Dear Me, 2020 Hates You


Mary Anton

Public beaches such as Kaloko Beach have seen a dip in visitors in March since the arrival of the mystery super virus.

If letters could be sent to past versions of yourself, the version of me that needs the most insight for the future would be me before 2020 came around. Refusing to take the universe’s signs to be more wary of its upcoming disasters have proven to be harmful. The message I would send the past me would look like this:

To the Dec. 31, 2019, edition of myself,

Avoid making the fatal mistake of thinking that 2020 will belong to you. On the contrary, you, along with the rest of this naive world, will belong to 2020.

Before the year reaches its halfway point, you will be experiencing humongous changes in your daily life that I have failed to adapt to. Expect major differences in your schooling, work, and the endless amount of free time. By following my advice, maybe you can tame the second half of 2020 and pilot it throughout the rest of the year.

The first change before anything else is going to be your outlook on the developing situation. It seems like the producers of 2020 were big “Power Ranger” fans with each episode featuring a new bad guy or monster. January was the month of the World War III scare, February the Australian wildfires, March a mystery super disease, April aliens, and now May killer frickin’ hornets. It’s easy to get overwhelmed and lose hope with each month trying to out-worse each other, so keeping a leveled head is key.

The second change that you’ll need to prepare for is your schooling. Imagine a semester where half of it is spent entirely at home due to some super virus. Though it sounds like a blessing at first, you will quickly realize how lazy you get when the options of doing classwork online on your desk and laying comfortably in bed are right next to each other. Classes becoming virtual means that you will be solely responsible for monitoring your progress. The good news in that scenario though is 30-minute bus rides to school and back are no more.

The third change that will effect you most is work. Similar to school, you, along with the entire island, will be out of work, which will transition seamlessly to you running out of money. The mountains of clothes that you plan to purchase as soon as you get your first check of the year should be saved for more important necessities like (get this) toilet paper. In order to sustain yourself, you will be introduced to a system that is just as unprepared for the downfall as you are. Expect staying up because you heard rumors about a website’s sweet spots only to be virtually elbowed out by the competition.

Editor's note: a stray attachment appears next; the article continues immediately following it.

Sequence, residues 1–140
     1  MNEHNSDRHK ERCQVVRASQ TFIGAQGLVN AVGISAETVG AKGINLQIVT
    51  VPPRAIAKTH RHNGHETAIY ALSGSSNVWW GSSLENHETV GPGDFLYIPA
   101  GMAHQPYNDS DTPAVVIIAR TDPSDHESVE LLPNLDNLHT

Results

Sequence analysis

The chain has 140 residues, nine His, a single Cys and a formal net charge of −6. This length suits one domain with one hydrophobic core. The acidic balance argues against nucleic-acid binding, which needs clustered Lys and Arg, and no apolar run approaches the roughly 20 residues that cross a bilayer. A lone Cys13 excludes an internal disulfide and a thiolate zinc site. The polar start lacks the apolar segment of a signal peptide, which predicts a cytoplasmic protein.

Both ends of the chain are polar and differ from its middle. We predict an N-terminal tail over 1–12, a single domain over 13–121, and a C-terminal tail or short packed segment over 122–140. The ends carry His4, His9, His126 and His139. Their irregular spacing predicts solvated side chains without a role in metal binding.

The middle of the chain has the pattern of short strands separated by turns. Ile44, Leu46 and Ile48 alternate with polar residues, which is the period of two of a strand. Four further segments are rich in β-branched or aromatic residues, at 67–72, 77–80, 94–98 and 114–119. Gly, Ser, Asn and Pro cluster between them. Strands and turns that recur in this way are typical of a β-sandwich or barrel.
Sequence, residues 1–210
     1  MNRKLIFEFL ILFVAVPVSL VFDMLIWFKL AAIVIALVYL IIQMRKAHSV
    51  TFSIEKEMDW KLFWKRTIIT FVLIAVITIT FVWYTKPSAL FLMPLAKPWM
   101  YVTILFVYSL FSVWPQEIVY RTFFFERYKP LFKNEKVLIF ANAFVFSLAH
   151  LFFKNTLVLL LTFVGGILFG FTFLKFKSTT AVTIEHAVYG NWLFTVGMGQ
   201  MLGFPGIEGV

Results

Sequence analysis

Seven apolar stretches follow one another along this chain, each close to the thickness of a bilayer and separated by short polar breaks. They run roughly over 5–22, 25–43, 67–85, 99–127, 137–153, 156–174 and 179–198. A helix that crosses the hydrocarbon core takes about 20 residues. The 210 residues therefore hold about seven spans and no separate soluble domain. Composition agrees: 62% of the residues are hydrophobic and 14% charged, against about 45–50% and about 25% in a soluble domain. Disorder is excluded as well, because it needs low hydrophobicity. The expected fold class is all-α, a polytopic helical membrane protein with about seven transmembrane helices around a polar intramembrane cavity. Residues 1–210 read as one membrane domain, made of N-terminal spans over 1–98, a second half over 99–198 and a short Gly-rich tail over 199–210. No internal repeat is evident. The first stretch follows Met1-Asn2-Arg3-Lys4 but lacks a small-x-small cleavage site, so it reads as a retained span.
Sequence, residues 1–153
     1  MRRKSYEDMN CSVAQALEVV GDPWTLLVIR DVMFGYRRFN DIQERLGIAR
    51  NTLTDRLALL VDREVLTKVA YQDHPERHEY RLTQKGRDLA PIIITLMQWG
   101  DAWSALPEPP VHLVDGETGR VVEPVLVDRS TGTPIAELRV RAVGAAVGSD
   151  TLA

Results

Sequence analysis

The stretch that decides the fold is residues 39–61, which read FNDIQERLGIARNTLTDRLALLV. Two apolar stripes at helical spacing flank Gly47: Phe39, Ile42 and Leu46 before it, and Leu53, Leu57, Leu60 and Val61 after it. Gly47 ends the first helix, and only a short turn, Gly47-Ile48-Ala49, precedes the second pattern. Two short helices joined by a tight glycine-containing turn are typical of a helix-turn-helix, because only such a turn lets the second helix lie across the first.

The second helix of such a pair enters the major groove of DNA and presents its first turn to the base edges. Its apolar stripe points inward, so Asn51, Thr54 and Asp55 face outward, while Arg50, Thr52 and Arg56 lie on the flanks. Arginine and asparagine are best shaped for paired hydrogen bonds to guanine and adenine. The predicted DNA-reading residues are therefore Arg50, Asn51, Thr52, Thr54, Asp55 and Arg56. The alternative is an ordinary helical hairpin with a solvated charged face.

The last change that you will need to handle is the abundance of free time presented to you. Due to certain conditions, you are only allowed outside for around 10 hours a week. Sure this gives you time to catch up on shows and movies that you’ve been meaning to watch for the longest time, but with an entire day at your disposal, shows with seasons that are less than 20 episodes begin to sound short and unfulfilling. The most interesting event to happen during those times is finding a new comfortable position to rest your soulless husk.

Judging by its first five rounds, this 12-month gauntlet is proving to be a memorable one for all the wrong reasons. Natural disasters and shifty politics have become a reminder that we are ultimately small in a giant ever-shifting world. No matter how daunting that may be, however, it is important to set yourself in the best situation possible.

It would be a waste to see you handle the first half of 2020 like I did and end up in a cycling routine of misery and boredom. From here onward, as long as you promise to adhere my advice, I will be handling the rest of the year in a way where the 2021 edition of ourselves doesn’t have to write a letter telling me what I could have done better. Until then …

Yours Truly,

2020 Conrad